A study published in the International Journal of Biometeorology shows that cold is more likely to send people to the hospital for longer periods of time than heat, CO2 Science reports.
The study, conducted in eight large South Korean cities including Seoul and Incheon between 2003 and 2008, showed that hospitalizations related to heat usually lasted less than a day, while cold-related hospitalizations could last up to a month.
The study also showed that hospitalizations related to allergies, asthma and breathing problems increased between 43.6 and 53.6 percent when the temperature dropped from 15 degrees Celsius (60 degrees Fahrenheit) to 2 degrees Celsius (35 degrees Fahrenheit). In comparison, having the temperature increase from 15 degrees Celsius to 25 degrees Celsius (75 degrees Fahrenheit) had no statistically significant effects on hospitalizations — a slight 4.5 percent increase.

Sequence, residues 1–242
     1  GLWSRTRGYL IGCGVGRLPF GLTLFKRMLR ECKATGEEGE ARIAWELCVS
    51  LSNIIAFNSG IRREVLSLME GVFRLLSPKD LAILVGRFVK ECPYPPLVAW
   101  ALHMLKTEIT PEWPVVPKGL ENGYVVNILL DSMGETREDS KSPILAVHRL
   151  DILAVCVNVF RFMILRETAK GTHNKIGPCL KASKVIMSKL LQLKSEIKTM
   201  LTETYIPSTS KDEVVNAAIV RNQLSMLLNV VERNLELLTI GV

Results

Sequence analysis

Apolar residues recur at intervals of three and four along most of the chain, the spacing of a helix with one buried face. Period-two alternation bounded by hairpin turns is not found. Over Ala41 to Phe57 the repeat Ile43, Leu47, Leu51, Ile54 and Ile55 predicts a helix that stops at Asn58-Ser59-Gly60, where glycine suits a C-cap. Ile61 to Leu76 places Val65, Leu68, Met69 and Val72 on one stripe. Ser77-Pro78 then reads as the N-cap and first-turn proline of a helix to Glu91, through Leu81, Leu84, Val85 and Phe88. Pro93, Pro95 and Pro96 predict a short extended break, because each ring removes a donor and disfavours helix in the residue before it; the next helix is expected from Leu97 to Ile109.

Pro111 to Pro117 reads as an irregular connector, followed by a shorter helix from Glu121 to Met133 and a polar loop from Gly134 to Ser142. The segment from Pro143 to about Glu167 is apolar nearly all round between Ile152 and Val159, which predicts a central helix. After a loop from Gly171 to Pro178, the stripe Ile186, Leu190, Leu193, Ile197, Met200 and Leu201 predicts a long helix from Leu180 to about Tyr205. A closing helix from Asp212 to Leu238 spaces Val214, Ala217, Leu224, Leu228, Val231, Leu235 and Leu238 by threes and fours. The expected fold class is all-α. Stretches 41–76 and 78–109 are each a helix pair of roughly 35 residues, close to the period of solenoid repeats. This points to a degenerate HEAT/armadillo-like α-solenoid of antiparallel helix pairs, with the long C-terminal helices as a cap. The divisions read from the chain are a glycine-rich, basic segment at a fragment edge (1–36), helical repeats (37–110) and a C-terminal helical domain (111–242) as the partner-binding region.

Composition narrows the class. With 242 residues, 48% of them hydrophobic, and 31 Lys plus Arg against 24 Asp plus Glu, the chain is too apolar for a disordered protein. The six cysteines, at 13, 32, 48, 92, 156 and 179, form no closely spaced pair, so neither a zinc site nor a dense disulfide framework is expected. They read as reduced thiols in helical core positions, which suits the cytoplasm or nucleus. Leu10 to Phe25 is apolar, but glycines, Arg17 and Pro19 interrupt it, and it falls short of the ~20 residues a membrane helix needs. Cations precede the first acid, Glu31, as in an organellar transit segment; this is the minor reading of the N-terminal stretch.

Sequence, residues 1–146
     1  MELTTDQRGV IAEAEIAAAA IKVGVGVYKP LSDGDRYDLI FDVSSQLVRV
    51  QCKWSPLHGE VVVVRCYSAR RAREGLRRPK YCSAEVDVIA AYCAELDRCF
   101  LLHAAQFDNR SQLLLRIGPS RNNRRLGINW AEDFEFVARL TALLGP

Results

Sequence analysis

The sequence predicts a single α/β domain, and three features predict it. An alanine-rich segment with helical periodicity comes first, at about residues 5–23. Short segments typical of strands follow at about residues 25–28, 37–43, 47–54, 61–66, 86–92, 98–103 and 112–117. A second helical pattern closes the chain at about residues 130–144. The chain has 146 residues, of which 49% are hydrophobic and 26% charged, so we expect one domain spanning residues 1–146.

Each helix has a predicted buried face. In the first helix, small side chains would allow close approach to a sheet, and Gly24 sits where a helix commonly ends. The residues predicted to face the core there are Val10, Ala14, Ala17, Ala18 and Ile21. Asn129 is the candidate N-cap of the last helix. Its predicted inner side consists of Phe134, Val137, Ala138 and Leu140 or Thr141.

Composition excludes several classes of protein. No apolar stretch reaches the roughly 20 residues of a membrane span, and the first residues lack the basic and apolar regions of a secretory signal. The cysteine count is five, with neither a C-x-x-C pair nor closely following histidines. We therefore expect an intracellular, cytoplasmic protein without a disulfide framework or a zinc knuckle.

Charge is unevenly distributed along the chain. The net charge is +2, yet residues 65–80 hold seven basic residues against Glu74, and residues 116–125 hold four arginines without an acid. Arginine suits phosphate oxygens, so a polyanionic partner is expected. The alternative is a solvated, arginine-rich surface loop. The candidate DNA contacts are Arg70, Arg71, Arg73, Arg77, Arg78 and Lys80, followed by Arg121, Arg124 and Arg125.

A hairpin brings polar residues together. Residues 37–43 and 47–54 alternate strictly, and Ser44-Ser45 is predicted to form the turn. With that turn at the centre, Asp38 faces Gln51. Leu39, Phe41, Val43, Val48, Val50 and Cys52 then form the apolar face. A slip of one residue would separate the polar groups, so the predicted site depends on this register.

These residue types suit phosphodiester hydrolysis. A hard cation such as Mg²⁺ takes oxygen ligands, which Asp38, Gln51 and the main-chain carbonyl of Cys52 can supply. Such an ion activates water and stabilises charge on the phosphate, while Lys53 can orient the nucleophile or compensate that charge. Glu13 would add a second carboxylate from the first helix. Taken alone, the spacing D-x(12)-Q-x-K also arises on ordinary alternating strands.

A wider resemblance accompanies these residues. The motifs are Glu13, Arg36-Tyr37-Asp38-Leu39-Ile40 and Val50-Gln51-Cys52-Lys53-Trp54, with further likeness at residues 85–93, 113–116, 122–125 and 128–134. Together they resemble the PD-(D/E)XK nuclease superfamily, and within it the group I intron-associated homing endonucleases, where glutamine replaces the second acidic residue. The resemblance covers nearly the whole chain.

This study agrees with another (preliminary) one from the Yale School for Public Health, CBS reports. Judith H. Lichtman, who authored the study, found that an increase of 1 degree Fahrenheit during winter reduced the likelihood of stroke hospitalizations by 0.86 percent and decreased stroke death risk by 1.1 percent.
Should this U.S. study be accepted, it would confirm what British scientists found, according to Scientific American. The 2010 study across 15 cities in the U.K. found that an 1-degree-Celsius decrease (about 1.8 degree Fahrenheit) can increase heart attacks by 2 percent.
It may seem trivial, but “the whole population is exposed to the weather, and heart attacks are common in the first place,” said Krishnan Bhaskaran, the lead author of the study.